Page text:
I don’t know where I’d go for mourning goods today, but in 1870, I’d have gone to Betts & Medbury, in the Mansion House Block in Troy. Dry goods of every description, but mourning goods were their specialty. Mourning was big business in those days.
So, the Marquis and Marquise de la Tour du Pin found themselves in exile in Albany (as one does) in […]
One of the joys of amateur history is putting something out there and instantly getting a reaction with whole new […]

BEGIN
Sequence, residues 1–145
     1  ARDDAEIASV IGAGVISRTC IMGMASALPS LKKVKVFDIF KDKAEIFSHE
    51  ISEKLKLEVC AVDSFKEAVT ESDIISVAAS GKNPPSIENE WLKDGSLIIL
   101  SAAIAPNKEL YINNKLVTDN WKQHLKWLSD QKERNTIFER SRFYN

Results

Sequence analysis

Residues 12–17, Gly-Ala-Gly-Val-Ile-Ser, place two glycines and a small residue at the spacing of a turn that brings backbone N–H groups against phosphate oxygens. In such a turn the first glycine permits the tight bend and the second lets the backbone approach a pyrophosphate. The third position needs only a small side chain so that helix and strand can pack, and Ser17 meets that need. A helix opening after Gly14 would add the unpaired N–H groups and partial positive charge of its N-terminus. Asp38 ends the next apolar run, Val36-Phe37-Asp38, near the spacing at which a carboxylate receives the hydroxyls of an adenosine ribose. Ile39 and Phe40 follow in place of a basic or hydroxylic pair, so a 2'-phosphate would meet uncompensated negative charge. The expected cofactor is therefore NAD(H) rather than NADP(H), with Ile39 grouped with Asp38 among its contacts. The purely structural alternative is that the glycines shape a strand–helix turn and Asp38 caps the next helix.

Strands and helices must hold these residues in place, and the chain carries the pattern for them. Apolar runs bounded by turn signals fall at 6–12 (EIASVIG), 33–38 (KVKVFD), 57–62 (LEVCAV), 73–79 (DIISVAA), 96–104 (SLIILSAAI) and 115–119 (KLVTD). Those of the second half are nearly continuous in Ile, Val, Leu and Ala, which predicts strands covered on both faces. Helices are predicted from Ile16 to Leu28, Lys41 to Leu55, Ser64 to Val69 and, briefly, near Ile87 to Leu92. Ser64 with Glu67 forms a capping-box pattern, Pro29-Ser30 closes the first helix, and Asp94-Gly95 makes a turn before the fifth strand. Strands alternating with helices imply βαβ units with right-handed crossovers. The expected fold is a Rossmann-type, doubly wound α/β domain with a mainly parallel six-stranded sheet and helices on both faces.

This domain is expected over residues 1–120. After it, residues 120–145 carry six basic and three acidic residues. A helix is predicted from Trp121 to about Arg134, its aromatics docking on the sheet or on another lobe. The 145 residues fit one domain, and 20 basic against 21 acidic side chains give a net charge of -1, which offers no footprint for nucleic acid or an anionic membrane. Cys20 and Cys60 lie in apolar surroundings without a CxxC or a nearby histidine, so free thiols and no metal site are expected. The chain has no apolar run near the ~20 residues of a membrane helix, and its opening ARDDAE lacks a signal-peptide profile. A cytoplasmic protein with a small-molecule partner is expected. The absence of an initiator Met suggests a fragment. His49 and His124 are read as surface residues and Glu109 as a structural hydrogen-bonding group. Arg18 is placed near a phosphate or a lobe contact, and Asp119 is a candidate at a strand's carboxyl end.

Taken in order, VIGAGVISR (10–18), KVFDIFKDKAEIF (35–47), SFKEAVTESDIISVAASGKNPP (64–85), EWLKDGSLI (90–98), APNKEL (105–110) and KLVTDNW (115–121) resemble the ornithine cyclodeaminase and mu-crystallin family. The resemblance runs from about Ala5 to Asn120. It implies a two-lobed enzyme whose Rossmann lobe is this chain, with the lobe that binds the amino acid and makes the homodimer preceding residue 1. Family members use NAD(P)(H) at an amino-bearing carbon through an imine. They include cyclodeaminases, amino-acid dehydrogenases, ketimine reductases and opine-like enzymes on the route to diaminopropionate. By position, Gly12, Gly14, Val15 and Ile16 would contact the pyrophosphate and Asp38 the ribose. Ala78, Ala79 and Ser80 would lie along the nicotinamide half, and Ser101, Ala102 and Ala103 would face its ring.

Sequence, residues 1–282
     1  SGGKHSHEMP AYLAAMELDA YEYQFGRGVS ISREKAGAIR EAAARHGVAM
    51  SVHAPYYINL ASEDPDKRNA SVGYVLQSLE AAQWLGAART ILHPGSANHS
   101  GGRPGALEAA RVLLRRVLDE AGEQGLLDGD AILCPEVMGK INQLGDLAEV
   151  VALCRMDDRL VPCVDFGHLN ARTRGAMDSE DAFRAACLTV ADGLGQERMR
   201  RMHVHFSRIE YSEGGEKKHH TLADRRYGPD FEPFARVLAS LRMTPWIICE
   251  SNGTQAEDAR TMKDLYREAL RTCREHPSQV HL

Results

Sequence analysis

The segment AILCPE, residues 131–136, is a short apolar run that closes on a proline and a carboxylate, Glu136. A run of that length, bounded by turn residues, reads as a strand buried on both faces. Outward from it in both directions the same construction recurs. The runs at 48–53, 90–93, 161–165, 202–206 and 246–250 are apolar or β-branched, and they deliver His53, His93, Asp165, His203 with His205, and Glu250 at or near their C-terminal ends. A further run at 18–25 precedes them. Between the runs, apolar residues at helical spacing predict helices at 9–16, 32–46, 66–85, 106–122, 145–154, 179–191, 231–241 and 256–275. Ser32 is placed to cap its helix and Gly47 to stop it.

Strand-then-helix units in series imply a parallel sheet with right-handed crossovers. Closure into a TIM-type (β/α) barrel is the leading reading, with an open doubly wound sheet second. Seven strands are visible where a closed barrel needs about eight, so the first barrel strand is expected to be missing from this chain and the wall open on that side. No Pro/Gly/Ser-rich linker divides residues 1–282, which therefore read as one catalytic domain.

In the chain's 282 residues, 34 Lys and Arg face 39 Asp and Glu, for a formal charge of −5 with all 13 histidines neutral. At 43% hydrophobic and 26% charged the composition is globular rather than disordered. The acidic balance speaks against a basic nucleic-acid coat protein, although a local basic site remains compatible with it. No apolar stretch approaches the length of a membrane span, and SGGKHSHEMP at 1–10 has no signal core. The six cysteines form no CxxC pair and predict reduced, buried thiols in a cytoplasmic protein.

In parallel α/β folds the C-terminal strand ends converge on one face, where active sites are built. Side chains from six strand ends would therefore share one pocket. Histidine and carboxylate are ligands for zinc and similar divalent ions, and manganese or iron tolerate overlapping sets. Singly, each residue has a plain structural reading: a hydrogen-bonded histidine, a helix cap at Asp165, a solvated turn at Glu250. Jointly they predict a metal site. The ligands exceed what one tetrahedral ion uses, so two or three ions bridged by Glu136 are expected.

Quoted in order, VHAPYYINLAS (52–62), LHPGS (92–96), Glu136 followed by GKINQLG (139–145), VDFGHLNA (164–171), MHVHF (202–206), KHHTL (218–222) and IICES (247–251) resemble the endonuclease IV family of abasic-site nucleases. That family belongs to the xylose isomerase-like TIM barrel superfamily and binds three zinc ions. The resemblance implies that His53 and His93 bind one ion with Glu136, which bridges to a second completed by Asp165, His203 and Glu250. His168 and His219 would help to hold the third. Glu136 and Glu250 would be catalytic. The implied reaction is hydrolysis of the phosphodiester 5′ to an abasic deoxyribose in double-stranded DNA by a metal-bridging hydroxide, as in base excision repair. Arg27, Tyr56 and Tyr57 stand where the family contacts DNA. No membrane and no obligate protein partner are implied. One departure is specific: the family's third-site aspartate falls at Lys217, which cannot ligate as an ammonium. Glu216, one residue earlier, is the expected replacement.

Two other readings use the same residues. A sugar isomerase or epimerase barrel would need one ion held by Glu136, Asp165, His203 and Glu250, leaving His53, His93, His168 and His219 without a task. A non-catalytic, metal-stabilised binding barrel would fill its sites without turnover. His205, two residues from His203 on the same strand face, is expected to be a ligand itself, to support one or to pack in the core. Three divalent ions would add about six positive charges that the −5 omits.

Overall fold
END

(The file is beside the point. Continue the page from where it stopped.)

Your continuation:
It appears that early on in its history, the then-village of Troy was home to political refugees from France. In […]
In case you think that in the days before global trade, the Capital District was a wasteland of nothing but […]
Lansingburgh has a long and interesting history – in fact, if you told its founding fathers that the little village […]
For some time, this particular shot was our white whale, our holy grail. Not sure why, but we just love, […]